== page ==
Logo

Search form

EmailEmail

REVIEW: Date Night

Movie makes for an underwhelming, real date night

Date Night: Rates a C-.
Courtesy photo

You really can’t ask for a better cast than was put together for Date Night. Steve Carrell and Tina Fey are both hysterically funny and on their sitcoms (and in TV interviews). James Franco and Mila Kunis can both do comedy and drama, and have a great scene in this.

There’s Kristen Wiig, my favorite cast member of Saturday Night Live. Mark Wahlberg is perfectly cast as the guy Fey enlists to help (he doesn’t like to wear shirts, and who would if they looked like him?).

The bad guys are played by William Fichtner (you’d know him if you saw him) and Ray Liotta.

The always dependable Mark Ruffalo shows up, and cavalierly talks about his crumbling marriage.

Black Eyed Peas member will.i.am has a cameo that makes for a hysterical scene (so many movies blow it with cameos; this is exactly how they should be done).

So with this kind of talent, and a wonderful chemistry between Fey and Carrell, why did I leave the theatre disappointed? Even the closing credits, with bloopers, weren’t as funny as you’d expect.

I’m sure critics are going to try and make movie comparisons with this. You’ll hear about the Out of Towners, North by Northwest, Scenes From a Marriage, After Hours, True Lies…but this movie is different enough than those. I just wish it were funnier!

We have a few scenes that involve the couple looking at other people in a restaurant and making up conversations the couple is having. They’re hysterical. And with the improv background of Fey and Carrell, you wonder if many of those weren’t even scripted. I was left wondering why they didn’t help make the script funnier. After all, the one scene I know about him ad-libbing in 40-Year-Old Virgin, had him yelling “Kelly Clarkson!” while his chest was waxed. We remember that and it was years ago.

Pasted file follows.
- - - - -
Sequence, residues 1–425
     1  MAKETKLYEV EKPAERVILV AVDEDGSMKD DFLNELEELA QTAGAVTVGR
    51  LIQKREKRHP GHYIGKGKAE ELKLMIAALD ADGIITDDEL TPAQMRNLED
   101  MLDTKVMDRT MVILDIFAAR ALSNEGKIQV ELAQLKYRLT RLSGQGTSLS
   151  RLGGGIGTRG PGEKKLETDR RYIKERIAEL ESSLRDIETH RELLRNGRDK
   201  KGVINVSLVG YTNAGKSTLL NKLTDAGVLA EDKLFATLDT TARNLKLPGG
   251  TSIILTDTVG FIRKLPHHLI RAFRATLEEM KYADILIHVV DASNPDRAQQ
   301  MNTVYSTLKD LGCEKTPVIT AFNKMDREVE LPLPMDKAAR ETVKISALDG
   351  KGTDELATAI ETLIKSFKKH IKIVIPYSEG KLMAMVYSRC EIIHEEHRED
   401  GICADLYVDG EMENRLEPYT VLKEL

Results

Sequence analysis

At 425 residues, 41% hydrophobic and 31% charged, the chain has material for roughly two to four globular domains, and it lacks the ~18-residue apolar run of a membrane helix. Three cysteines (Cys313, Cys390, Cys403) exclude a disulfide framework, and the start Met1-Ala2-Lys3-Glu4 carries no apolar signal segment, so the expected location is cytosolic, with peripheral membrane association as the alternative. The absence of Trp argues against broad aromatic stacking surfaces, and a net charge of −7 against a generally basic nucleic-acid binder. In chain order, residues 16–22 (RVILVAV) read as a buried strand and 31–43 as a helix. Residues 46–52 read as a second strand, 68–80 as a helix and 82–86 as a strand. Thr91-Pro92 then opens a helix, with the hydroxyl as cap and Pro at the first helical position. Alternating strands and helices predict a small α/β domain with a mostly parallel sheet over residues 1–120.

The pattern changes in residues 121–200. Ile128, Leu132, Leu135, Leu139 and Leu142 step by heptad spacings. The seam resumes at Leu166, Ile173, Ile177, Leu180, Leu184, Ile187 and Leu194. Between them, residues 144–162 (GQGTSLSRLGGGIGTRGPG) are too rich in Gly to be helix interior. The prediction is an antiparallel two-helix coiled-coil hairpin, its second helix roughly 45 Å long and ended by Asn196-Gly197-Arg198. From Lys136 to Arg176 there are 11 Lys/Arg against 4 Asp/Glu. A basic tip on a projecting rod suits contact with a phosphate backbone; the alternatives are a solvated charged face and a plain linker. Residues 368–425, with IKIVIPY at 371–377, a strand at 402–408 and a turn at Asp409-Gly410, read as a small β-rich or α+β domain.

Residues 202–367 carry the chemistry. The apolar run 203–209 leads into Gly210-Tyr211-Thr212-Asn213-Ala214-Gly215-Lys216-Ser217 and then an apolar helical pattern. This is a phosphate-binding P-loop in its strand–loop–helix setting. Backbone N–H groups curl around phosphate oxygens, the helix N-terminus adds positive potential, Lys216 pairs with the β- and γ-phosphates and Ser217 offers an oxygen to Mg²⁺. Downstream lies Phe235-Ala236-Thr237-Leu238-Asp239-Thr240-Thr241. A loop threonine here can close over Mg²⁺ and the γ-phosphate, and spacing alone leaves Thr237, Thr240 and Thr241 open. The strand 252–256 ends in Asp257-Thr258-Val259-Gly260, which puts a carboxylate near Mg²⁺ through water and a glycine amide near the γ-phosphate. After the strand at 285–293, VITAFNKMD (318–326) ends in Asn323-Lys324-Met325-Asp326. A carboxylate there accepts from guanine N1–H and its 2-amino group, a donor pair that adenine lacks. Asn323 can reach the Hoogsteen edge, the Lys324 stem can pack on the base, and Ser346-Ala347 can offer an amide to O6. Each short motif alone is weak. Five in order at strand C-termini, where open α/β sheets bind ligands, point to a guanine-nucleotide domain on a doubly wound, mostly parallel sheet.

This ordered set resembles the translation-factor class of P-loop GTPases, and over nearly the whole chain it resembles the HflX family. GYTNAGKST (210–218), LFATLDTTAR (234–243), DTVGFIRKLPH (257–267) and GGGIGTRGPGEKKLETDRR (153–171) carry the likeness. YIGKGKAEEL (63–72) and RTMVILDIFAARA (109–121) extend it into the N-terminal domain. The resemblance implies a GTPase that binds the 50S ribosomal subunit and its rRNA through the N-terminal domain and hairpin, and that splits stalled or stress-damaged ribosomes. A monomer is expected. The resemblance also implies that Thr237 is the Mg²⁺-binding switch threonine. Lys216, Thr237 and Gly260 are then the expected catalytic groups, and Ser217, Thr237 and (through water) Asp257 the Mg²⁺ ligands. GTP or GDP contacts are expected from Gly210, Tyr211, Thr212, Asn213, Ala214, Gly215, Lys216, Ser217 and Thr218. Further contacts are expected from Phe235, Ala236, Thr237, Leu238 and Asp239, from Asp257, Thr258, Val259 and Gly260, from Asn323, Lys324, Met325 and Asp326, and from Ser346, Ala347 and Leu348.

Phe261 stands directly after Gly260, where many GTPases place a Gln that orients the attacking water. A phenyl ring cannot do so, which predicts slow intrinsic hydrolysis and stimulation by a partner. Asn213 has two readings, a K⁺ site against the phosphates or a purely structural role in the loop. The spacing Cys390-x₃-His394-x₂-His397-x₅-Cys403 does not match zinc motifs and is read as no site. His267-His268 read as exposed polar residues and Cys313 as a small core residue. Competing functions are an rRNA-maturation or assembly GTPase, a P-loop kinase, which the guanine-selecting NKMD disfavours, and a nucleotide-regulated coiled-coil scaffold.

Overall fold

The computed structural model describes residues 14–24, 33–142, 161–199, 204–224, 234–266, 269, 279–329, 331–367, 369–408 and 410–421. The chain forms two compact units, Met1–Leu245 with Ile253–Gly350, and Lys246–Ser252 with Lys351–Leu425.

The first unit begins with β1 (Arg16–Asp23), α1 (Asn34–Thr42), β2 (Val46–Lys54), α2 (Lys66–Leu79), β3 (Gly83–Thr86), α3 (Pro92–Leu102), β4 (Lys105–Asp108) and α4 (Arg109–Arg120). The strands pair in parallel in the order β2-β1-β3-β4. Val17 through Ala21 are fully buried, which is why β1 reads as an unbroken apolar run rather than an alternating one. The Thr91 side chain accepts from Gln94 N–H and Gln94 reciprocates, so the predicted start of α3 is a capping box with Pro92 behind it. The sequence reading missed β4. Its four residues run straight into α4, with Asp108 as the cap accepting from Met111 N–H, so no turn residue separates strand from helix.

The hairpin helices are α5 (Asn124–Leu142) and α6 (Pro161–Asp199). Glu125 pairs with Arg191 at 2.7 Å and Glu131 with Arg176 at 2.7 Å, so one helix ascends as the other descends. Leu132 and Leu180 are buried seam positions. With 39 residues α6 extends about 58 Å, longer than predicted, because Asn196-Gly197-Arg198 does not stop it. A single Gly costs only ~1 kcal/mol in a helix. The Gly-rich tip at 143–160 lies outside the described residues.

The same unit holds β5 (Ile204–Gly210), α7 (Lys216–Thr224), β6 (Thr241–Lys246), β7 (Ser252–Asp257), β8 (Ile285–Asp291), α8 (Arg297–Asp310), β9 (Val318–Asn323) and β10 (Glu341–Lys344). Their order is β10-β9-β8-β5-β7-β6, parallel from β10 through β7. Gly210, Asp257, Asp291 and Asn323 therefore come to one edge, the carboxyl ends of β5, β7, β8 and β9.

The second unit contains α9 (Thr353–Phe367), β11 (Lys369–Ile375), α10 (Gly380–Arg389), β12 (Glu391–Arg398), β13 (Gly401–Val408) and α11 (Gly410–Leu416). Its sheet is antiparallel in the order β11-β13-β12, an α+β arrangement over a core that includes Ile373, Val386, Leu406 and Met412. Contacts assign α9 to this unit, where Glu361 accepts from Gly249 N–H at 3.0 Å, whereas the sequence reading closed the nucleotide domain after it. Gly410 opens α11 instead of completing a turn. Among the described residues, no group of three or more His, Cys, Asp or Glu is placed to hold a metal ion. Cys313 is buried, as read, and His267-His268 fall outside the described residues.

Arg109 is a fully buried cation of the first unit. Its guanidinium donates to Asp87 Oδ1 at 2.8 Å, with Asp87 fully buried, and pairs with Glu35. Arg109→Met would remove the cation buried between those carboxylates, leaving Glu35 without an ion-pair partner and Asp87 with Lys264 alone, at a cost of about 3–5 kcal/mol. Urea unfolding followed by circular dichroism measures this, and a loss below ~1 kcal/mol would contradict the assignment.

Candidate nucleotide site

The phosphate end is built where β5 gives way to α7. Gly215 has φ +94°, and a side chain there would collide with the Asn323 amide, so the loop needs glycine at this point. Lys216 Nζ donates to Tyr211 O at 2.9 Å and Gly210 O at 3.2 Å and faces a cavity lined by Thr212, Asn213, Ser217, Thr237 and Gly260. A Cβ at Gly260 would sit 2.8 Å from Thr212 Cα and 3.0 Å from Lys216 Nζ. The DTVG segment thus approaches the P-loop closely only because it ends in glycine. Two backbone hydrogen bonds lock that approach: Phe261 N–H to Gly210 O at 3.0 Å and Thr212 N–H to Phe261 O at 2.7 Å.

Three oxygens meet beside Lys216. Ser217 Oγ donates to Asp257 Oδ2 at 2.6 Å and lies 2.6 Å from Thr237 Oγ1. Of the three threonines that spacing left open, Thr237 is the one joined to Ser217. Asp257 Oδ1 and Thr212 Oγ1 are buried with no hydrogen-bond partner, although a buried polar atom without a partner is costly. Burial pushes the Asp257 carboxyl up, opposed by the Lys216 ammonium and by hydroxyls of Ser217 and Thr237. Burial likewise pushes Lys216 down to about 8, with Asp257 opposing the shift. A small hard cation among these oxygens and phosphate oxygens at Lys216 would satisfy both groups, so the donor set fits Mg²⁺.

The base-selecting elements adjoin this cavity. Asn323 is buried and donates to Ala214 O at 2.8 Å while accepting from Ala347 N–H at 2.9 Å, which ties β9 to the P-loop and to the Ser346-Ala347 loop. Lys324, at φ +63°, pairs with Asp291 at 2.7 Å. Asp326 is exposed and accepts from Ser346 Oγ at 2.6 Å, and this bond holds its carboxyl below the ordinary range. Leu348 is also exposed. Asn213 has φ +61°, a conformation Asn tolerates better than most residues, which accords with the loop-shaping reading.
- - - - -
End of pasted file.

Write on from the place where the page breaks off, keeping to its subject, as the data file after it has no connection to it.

I liked the fact that this is a married couple that we like. We can see that with their jobs and their kids, things have gotten stale. Yet when they go to bed and Carrell sees her putting in her “mouth guard” he mentions they won’t be having sex. And instead of other movies or TV shows where the woman has a snotty comeback, she quickly takes her mouth guard out (dripping with spit) and says she’ll rally. He doesn’t push the sex, saying they can shoot for tomorrow. This conversation makes us like both characters, and it’s also funny. I’m sure married and single people can relate to it.

At the mid-way point, the movie becomes a goofy action picture. And sure, it was fun when a taxi got stuck in the grill of an Audi they’re driving; but a little of that goes a long way.

I’m not a big fan of 30 Rock, but I love The Office. And I’m guessing you could’ve taken the worst three episodes of The Office, and still had more laughs than you did with this movie. It makes it hard to justify those high ticket prices and popcorn.

This movie did provide me with one very satisfying moment, though.

A couple sat behind me with a baby and a five-year-old (it’s rated PG-13). The baby started crying briefly, and then I had to listen to the mom pat the child loudly on the back and say “shhhh” to him for five minutes. When a scene took place at a strip club, I had to listen to the other kid ask, “Why do I have to shut my eyes?”

I turned around and looked at them for a few seconds, hoping they’d get the point. Near the end of the movie, after Fey and Carrell talk about how much they have to pay the babysitter for working so much longer…I said loudly as I glanced back, “Hey…they got a babysitter when they went out for the evening. That’s a great idea!”

It embarrassed my girlfriend, but it felt great to say.

But forget about hiring a babysitter and making a date night out of this. It’s not worth it.

I give it a C-.